to arrive at these recommendations. The volume control levels 
recommended by the Committee represent an increase of 48,500 pounds and 
2 percentage points over the previous year's final salable quantity and 
allotment percentage, reflecting a more positive assessment of the 
industry's economic conditions.
    The Committee estimates that about 825,000 pounds of Scotch 
spearmint oil may be sold during the 2012-2013 marketing year. When 
considered in conjunction with the estimated carry-in of 161,154 pounds 
of Scotch spearmint oil on June 1, 2012, the recommended salable 
quantity of 782,413 pounds

[[Page 33078]]

results in a total available supply of approximately 943,567 pounds of 
Scotch spearmint oil during the 2012-2013 marketing year. The Committee 
estimates that carry-in of Scotch spearmint oil into the 2013-2014 
marketing year, which begins June 1, 2013, will be 118,567 pounds, a 
decrease of 42,587 pounds from the beginning of the 2012-2013 marketing 
year.
    The Committee's stated intent in the use of marketing order volume 
control regulations for Scotch spearmint oil is to keep adequate 
supplies available to meet market needs and establish orderly marketing 
conditions. With that in mind, the Committee developed its 
recommendation of Scotch spearmint oil salable quantity and allotment 
percentage for the 2012-2013 marketing year based on the information 
discussed above, as well as the data outlined below.
    (A) Estimated carry-in on June 1, 2012--161,154 pounds. This figure 
is the difference between the revised 2011-2012 marketing year total 
available supply of 961,154 pounds and the estimated 2011-2012 
marketing year trade demand of 800,000 pounds.
    (B) Estimated trade demand for the 2012-2013 marketing year--
825,000 pounds. This figure is based on input from producers at six 
Scotch spearmint oil production area meetings held in late September 
and early October 2011, as well as estimates provided by handlers and 
other meeting participants at the October 12, 2011, meeting. The 
average estimated trade demand provided at the six production area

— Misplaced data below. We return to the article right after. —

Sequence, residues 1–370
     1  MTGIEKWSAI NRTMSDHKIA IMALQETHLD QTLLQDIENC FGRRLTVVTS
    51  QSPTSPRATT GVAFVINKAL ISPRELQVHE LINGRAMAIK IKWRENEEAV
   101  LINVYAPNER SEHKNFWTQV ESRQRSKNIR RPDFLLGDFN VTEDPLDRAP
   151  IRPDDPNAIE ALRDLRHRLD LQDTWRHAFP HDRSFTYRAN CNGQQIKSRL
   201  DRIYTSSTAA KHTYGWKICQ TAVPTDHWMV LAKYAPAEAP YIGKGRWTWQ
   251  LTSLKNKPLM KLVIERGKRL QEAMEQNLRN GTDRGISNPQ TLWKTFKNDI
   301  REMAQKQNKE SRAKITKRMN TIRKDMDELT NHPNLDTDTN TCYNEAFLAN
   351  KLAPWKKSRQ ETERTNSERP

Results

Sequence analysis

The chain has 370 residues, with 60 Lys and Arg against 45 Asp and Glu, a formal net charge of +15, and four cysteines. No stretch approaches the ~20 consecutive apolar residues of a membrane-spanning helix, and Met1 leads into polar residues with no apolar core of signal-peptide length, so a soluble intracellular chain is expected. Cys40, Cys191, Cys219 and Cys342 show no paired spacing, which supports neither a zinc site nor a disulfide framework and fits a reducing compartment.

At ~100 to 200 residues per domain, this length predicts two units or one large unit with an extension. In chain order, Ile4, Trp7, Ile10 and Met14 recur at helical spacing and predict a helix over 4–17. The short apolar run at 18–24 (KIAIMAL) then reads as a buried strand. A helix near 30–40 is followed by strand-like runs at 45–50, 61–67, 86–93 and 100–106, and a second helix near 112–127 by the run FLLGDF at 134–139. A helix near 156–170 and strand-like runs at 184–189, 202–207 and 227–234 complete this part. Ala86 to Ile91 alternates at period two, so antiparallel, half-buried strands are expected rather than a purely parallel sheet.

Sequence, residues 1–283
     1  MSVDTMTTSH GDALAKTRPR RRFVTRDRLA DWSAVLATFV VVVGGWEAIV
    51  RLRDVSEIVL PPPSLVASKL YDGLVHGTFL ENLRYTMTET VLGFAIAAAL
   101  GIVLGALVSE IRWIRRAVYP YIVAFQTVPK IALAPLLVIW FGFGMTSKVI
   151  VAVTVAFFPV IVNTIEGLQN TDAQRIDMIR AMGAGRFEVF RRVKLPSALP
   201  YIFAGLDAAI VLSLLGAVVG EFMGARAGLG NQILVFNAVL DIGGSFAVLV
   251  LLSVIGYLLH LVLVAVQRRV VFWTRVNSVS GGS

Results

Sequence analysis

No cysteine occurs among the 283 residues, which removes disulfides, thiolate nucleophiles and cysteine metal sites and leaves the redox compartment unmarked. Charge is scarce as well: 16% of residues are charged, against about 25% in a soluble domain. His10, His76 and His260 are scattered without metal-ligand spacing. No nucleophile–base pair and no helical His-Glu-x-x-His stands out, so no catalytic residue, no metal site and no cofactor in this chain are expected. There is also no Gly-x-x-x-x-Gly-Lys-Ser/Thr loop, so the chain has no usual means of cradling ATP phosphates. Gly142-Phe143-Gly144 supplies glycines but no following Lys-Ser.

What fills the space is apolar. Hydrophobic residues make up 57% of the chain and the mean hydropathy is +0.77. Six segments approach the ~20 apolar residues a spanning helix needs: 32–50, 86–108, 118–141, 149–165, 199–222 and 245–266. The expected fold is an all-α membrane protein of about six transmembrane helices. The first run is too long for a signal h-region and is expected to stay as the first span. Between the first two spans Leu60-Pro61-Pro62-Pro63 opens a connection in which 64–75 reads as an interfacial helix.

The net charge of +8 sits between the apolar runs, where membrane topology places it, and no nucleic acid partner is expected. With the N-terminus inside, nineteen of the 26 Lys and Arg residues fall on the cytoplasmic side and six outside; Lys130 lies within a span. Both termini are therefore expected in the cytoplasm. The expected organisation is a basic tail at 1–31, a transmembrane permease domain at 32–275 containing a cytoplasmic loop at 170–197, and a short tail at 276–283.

meetings is 859,444 pounds, which is 28,056 pounds less than the 
average of trade demand estimates submitted by handlers. The average of 
Far West Scotch spearmint oil sales over the last five years is 743,506 
pounds.
    (C) Salable quantity required from the 2012-2013 marketing year 
production--663,846 pounds. This figure is the difference between the 
estimated 2012-2013 marketing year trade demand (825,000 pounds) and 
the expected carry-in on June 1, 2012 (161,154 pounds). This amount 
represents the minimum salable quantity necessary to meet the estimated 
2012-2013 Scotch spearmint oil trade demand.
    (D) Total estimated allotment base for the 2012-2013 marketing 
year--2,058,981 pounds. This figure represents a one percent increase 
over the revised 2011-2012 total allotment base. This figure is 
generally revised each year on June 1 due to producer base being lost 
because of the bona fide effort production provisions of Sec.  
985.53(e). The revision is usually minimal.
    (E) Computed allotment percentage--32.2 percent. This percentage is 
computed by dividing the minimum required salable quantity (663,846 
pounds) by the total estimated allotment base (2,058,981 pounds).
    (F) Recommended allotment percentage--38 percent. This is the 
Committee's recommendation and is based on the computed allotment 
percentage (32.2 percent), the average of the computed allotment 
percentage figures from the six production area meetings (36.2 
percent), and input from producers and handlers at the October 12, 
2011, meeting. The actual recommendation of 38 percent is based on the 
Committee's determination that the computed percentage (32.2 percent) 
may not adequately supply the potential 2012-2013 Scotch spearmint oil 
market.
    (G) The Committee's recommended salable quantity--782,413 pounds. 
This figure is the product of the recommended allotment percentage (38 
percent) and the total estimated allotment base (2,058,981 pounds).
    (H) Estimated available supply for the 2012-2013 marketing year--
943,567 pounds. This figure is the sum of the 2012-2013 recommended 
salable quantity (782,413 pounds) and the estimated carry-in on June 1, 
2012 (161,154 pounds).

Class 3 (Native) Spearmint Oil

    The Native spearmint oil industry is facing market conditions 
similar to those affecting the Scotch spearmint oil market, although 
not nearly as severe. Approximately 90 percent of U.S. production of 
Native spearmint oil is produced within the Far West production area, 
thus domestic production outside this area is not a major factor in the 
marketing of Far West Native spearmint oil. This has been an attribute 
of U.S. production since the order's inception. A minor amount of